Objective: Diabetes mellitus (DM) and diabetic retinopathy (DR) are
associated with oxidative stress and carotenoids have antioxidant properties. This study
aimed to test the relationship between serum carotenoid concentrations and the risk for
DM and DR.
Methods: This is a cross-sectional study of the Chinese urban population. A total of 747
subjects, consisting of 272 DR patients, 190 diabetic patients without retinopathy, and
285 non-diabetes mellitus healthy controls, were recruited to this study. Demographic
and lifestyle characteristics were ascertained by questionnaire. General physical and
ophthalmic examinations were completed for all participants. Serum carotenoids were
measured by high-performance liquid chromatography (HPLC). The associations of
serum carotenoids with DM and DR were assessed by logistic regression with
adjustment of known risk factors. The correlation analyses of serum carotenoids with the
candidate influence factors were assessed using the single variable linear regression.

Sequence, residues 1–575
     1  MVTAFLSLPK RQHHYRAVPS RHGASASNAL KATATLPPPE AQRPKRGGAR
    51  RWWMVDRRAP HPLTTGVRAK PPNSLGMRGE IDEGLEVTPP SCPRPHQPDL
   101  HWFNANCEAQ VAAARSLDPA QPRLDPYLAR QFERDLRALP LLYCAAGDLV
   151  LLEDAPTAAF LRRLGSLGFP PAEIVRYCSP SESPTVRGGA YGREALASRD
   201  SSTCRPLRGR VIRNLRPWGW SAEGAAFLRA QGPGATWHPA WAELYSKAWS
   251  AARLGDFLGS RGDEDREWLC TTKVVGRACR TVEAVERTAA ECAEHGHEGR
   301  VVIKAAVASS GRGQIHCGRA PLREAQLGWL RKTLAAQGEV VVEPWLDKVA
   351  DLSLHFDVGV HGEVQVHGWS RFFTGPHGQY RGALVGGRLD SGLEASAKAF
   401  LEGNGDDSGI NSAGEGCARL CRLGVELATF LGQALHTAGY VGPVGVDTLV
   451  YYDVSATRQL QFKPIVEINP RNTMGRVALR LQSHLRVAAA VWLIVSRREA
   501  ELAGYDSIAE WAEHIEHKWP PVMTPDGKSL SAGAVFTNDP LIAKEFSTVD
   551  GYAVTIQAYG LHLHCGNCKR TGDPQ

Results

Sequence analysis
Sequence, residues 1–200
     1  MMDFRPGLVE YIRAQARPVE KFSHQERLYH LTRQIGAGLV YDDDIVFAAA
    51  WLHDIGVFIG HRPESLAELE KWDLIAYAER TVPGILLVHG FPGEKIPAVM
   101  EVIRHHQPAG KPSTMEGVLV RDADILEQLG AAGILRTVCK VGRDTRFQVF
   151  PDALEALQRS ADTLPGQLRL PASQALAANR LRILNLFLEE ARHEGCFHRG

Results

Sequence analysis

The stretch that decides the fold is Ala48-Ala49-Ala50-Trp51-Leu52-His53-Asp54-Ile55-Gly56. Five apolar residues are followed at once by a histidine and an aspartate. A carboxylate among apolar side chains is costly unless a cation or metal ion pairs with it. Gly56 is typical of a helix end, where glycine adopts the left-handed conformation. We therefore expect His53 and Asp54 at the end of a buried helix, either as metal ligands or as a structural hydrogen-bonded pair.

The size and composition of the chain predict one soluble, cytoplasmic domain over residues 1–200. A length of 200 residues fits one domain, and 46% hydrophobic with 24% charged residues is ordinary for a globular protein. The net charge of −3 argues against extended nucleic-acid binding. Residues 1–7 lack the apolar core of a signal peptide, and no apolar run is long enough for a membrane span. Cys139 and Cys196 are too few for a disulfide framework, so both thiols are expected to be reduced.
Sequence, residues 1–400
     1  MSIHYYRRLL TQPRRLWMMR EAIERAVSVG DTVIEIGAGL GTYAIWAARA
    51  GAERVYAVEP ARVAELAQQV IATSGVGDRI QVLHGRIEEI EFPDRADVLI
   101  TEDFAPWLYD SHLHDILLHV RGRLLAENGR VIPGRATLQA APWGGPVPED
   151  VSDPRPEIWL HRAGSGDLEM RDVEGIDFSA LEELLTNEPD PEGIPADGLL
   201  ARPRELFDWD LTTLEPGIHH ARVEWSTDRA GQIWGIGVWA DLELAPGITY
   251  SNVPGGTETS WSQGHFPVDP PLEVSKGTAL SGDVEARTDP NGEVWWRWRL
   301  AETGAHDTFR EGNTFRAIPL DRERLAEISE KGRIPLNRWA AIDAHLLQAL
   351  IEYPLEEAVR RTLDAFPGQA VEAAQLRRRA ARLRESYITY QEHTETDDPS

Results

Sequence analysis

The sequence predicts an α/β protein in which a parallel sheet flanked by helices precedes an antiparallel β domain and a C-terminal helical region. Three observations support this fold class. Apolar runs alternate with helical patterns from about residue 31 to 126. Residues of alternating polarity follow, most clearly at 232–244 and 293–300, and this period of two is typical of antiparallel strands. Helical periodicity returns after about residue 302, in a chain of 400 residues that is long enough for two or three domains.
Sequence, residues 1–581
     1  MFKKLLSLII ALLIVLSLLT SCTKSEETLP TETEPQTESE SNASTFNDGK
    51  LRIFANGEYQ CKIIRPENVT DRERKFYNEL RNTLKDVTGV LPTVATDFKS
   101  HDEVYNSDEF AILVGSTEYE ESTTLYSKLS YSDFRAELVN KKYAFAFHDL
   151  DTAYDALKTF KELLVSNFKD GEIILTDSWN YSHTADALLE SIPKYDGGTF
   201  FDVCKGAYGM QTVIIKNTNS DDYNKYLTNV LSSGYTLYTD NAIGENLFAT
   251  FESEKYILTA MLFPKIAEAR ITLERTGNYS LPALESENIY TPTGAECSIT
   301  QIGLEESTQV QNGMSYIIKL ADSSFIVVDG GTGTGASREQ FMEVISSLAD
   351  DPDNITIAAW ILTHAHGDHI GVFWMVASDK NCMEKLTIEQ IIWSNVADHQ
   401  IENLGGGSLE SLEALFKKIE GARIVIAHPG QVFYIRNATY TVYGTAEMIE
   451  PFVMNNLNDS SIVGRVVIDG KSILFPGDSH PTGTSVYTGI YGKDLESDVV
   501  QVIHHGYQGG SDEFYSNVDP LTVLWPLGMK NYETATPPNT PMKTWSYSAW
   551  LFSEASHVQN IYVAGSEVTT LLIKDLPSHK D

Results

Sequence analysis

Results: Both pro-vitamin A (PVA) carotenoids and non-PVA carotenoids in the serum
were measured and compared between different groups. Levels of α-carotene were
significantly lower in DR patients and β-carotene were significantly lower in DM patients
as compared to non DM healthy control group. In contrast, levels of β-cryptoxanthin,
lycopene, lutein and zeaxanthin were comparable among different groups. After
adjusting for confounding factors, β-carotene concentration was associated with reduced
risk for DM (OR (95%CI): 0.56 (0.34, 0.91), P=0.02) and α-carotene was associated with
reduced risk for DR in non-smokers (OR (95%CI): 0.41 (0.17, 0.99), P=0.048). No
significant association was found between hemoglobin A1c and any carotenoids
(P>0.05). Significantly associations with serum carotenoids were found in age, sex, BMI,
smoking, and exercise (P<0.05).
Conclusion: Serum β-carotene may have a protective effect on DM and α-carotene may
be a protective factor for DR in non-smokers.